It was announced in early September that if all went well, Union City would have its second spec building constructed at the Northwest Tennessee Regional Industrial Park by mid-December. The Union City Council voted to guarantee a $3 million loan from Obion County for the building project.
Lennox announced a local expansion in early October, when Lennox International Inc. announced plans to close its hearth products plant in Lynwood, Calif., and consolidate its fireplace manufacturing operations in its Union City plant. The move was expected to add between 100 and 150 new jobs over the next 12 months, according to company officials.
No. 5
School dress codes
What to wear to school was a hot topic in 2007 around the county, with standard dress codes adopted by both the Obion County and Union City school boards.
It started May 7 when the Obion County School Board heard the first reading of a proposed policy regarding standard dress and dress codes.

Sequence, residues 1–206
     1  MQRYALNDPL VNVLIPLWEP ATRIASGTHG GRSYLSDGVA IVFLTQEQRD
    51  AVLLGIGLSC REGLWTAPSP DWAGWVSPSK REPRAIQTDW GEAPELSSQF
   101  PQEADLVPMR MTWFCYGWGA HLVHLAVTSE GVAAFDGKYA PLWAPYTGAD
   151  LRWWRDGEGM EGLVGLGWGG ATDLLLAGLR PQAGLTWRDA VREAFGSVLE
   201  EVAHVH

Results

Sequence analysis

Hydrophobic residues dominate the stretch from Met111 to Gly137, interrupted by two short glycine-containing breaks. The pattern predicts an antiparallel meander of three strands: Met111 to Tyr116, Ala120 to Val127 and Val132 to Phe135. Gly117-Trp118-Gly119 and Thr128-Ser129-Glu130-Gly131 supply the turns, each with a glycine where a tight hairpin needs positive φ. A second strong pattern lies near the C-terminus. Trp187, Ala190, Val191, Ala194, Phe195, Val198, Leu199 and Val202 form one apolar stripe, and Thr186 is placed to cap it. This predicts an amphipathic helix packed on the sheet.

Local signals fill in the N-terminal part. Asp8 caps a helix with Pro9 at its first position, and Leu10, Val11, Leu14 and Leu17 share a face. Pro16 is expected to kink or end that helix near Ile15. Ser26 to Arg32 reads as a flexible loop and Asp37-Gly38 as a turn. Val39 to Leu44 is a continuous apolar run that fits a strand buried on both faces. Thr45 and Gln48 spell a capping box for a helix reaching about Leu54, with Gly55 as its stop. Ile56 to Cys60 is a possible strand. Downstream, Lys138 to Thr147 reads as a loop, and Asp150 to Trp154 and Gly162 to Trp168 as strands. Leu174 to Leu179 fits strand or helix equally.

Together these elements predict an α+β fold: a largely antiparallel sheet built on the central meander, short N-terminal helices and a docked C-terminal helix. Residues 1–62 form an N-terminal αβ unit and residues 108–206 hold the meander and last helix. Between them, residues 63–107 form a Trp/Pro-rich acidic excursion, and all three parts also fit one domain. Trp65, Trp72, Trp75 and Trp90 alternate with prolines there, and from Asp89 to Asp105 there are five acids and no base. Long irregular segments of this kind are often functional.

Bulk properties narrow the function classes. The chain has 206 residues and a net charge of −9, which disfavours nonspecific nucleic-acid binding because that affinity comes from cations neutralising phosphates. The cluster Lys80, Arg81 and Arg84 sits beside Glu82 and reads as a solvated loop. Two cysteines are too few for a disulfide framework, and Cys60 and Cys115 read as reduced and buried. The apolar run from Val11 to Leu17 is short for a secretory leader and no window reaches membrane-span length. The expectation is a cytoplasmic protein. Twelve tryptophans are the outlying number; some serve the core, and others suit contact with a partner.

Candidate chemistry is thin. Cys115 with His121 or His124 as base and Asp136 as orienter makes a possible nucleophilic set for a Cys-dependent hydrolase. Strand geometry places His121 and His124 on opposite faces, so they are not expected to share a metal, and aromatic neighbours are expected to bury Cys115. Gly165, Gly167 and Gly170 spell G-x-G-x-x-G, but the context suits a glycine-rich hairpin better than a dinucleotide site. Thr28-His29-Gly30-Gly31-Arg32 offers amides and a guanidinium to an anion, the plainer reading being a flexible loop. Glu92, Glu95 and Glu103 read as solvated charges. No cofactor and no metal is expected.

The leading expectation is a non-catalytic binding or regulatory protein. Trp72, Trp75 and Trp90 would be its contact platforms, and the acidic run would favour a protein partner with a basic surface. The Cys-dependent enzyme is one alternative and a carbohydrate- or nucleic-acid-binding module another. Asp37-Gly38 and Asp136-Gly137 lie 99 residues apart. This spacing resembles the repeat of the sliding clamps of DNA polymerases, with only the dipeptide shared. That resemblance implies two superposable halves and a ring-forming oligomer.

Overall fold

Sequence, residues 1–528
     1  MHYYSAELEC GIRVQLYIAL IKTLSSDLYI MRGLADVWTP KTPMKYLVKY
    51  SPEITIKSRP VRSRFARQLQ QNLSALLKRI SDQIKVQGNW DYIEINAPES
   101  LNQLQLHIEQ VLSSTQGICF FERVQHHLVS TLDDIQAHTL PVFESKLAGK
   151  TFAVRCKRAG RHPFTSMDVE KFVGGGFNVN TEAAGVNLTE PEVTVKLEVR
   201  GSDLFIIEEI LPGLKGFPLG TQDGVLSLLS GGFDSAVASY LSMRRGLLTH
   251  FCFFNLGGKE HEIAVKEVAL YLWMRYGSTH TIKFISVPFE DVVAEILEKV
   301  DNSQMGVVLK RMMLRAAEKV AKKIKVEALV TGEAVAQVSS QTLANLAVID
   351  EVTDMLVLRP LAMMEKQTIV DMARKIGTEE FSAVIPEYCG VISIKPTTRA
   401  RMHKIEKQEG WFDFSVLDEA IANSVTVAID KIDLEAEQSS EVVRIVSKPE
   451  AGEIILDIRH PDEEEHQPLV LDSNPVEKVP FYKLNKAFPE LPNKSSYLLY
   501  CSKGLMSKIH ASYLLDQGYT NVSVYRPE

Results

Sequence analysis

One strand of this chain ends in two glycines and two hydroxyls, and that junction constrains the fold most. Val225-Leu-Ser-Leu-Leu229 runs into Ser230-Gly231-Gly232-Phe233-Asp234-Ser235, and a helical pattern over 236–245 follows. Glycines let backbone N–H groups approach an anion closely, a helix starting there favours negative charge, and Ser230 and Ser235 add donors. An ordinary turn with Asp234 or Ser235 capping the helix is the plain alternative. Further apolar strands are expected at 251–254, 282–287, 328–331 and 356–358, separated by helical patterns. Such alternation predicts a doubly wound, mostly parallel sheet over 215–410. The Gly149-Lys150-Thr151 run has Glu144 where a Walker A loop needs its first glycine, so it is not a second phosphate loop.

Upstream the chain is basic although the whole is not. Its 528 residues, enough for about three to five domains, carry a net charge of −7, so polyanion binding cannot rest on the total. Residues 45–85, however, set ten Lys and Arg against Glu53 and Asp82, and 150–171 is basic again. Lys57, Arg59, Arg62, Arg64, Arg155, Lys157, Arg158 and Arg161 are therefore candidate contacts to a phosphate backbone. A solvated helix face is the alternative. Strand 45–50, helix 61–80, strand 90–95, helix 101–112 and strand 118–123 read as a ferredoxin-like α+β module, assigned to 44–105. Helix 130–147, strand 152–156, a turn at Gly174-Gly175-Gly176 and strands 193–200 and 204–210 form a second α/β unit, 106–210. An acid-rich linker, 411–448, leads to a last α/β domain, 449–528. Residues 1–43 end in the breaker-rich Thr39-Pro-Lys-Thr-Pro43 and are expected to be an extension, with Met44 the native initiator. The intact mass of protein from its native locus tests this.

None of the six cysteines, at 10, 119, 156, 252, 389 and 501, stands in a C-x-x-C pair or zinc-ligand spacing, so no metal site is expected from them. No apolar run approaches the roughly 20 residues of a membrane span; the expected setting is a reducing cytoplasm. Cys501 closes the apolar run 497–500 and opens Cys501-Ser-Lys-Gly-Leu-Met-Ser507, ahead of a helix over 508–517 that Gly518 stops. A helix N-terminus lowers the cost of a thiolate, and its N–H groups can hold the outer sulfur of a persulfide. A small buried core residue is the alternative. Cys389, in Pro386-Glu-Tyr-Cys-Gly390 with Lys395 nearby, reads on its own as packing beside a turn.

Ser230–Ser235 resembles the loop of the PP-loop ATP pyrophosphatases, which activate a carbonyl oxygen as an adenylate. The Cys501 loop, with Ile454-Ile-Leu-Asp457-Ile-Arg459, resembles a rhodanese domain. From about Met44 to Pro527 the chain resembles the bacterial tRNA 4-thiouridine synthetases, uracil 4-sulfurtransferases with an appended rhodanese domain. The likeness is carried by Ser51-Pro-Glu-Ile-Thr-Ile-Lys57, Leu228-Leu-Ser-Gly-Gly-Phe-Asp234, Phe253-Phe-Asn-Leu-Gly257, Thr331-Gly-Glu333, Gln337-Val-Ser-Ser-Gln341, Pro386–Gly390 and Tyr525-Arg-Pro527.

Meanwhile, on May 14, students in Union City and their families were asked for input as the Union City School Board considered standard or basic dress for students for the coming school year. A public meeting was held May 24 to hear ideas and concerns.
The dress code policy became more heated for the Obion County School Board than for its Union City counterpart, with students and parents expressing their opinions during a two-hour public hearing held in late May at Obion County Central High School. Very little support was expressed by speakers from among a crowd of about 225 people.